While I was at the park avidly snapping photos, a pleasant man cheerfully introduced himself as “Alex, the owner”. We chatted a bit. He explained that the center, their own private property, was something they wanted to open up for everyone to enjoy, for the public’s use. He then invited me to come into a small building for more information and some tea. I saw the pile of shoes outside the door, and lost my nerve. If there were strings attached to this park, I didn’t want to be tangled up in them.

The Earth Park, consisting of 6 acres of land at Bill Gray Road and Highway 89A, was originally issued a permit in 2006 simply as a welcome center, parking lot, and shuttle staging area, to bring visitors from Highway 89A back out to the organization's retreat center many miles along the unpaved and wild Bill Gray Road. The Tao Center of Sedona opened its Mago Retreat in a remote area of the Coconino National Forest between Sedona and Cottonwood back in 1998. The retreat center is renowned for its “green” practices, using solar energy, grey water, and installing thousands of native trees and plants. They have an organic garden, fertilized by compost from their dining hall and manure from their horse stables.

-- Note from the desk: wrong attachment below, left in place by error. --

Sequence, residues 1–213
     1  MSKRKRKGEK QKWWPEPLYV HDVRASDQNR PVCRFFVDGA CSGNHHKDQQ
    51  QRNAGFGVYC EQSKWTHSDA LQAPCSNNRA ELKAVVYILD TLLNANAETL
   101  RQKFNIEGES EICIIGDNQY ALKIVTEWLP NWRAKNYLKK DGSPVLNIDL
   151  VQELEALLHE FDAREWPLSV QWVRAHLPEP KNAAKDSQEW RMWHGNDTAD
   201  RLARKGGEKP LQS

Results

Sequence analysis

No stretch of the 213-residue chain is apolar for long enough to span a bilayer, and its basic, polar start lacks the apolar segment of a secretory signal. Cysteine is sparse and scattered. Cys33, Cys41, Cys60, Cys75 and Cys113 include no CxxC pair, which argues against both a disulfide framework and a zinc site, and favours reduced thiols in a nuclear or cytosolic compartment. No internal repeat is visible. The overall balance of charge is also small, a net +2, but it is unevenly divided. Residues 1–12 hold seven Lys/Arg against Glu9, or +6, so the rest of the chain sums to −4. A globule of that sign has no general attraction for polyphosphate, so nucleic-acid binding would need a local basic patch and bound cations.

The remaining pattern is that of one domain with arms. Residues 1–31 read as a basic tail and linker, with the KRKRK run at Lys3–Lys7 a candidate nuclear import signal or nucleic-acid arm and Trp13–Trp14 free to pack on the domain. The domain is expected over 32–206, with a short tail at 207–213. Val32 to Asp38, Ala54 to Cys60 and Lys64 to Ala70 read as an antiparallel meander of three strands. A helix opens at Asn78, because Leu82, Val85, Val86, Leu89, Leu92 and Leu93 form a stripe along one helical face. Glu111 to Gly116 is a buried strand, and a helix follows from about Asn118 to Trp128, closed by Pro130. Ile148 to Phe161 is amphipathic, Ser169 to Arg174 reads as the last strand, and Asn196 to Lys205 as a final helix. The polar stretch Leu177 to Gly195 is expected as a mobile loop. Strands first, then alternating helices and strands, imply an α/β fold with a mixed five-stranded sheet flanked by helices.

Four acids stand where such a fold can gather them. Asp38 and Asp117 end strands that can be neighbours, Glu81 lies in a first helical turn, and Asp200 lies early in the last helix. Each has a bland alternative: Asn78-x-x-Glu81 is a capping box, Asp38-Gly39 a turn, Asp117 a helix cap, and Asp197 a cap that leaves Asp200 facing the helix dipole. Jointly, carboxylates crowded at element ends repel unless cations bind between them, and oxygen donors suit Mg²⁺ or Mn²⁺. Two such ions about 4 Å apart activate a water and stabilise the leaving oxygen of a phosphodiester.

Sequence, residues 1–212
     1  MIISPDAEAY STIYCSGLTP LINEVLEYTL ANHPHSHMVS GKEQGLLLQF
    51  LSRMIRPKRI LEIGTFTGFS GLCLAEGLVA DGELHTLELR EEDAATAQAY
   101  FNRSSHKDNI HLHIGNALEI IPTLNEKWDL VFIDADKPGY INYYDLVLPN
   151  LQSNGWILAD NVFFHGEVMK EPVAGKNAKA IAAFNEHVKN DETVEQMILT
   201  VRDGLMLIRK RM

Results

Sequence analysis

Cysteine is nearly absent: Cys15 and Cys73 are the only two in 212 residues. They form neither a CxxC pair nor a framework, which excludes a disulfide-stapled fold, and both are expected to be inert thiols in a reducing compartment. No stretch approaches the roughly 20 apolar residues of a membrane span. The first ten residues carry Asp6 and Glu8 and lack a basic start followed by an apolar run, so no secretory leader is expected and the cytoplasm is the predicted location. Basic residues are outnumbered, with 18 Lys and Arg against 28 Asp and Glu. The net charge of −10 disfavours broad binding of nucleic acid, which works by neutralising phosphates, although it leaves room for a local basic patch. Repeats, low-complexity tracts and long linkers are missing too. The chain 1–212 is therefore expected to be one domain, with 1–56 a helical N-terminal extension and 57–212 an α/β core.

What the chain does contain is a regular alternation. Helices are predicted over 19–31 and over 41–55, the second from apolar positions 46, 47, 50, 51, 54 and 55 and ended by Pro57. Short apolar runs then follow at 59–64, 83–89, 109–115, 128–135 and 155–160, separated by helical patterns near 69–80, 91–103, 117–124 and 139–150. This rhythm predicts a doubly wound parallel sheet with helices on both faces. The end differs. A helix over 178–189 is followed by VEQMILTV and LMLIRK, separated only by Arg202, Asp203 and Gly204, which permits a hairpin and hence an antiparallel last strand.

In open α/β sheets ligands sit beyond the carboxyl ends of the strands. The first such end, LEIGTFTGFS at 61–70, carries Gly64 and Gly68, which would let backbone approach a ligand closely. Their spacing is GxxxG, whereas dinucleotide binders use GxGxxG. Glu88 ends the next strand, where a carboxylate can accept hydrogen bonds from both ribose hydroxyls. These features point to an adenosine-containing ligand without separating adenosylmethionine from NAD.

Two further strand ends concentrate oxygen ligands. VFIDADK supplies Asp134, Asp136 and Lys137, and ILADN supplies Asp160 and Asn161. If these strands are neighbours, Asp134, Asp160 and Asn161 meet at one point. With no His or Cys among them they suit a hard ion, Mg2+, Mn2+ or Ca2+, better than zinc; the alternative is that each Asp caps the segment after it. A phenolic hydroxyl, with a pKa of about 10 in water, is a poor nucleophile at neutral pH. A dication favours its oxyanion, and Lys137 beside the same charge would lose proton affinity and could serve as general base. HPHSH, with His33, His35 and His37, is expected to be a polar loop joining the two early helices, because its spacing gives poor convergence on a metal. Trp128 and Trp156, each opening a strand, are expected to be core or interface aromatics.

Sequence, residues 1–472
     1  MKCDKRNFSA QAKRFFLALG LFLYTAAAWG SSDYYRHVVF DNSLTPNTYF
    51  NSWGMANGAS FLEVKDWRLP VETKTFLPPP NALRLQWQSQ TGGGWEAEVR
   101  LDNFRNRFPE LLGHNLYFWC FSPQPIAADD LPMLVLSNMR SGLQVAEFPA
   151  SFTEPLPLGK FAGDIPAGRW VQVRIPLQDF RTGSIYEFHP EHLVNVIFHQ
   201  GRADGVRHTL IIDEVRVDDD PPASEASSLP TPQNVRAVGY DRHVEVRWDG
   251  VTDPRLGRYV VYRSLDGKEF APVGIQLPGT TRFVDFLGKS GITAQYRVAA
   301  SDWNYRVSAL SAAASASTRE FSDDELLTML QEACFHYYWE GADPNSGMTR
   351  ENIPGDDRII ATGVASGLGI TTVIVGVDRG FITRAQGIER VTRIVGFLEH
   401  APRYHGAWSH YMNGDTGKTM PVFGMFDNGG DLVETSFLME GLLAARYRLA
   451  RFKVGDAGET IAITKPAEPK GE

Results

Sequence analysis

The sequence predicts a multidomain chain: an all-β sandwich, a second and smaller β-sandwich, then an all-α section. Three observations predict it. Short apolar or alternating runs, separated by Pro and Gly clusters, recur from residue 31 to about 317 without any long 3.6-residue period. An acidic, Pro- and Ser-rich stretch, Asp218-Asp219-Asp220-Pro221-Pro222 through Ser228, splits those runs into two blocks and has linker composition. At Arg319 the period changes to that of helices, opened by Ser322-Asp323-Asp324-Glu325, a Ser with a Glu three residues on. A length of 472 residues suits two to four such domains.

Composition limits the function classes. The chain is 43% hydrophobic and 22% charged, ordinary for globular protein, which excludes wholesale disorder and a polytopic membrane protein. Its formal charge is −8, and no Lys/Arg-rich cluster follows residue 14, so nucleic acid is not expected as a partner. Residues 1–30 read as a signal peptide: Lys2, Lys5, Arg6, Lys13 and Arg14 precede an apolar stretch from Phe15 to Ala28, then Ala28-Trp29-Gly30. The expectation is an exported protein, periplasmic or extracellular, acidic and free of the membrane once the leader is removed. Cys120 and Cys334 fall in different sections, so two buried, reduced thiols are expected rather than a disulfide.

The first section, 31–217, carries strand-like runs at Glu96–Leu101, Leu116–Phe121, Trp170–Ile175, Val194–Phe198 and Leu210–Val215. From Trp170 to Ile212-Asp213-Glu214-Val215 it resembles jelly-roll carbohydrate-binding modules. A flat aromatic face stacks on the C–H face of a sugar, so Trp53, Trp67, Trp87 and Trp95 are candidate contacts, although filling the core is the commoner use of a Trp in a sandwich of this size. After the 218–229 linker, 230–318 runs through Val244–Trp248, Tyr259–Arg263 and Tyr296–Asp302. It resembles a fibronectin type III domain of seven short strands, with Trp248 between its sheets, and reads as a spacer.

In the past 3 years additional interim permits were approved allowing for such things as small events at the Earth Park, things like farmers markets, weddings, and parties. Landscaping was improved, and small gazebos were constructed. A conditional use permit legally allowed the Mago Center to erect the 50 foot Mago for their opening celebration, December 16th 2009. Once the permit expired, as it now has, the statue would have to be removed. These interim and conditional use permits assumed a final permanent design for the property would be presented within 3 years. It has not been. This makes the Cottonwood Planning and Zoning Commission testy. A stop order has been placed on various additional unapproved projects. .
The public hearing to review the statue’s conditional use permit needed to be postponed a month, when crowds too large to be seated arrived to protest. The meeting location was rescheduled for a much larger venue, Cottonwood’s Mingus Union High School auditorium.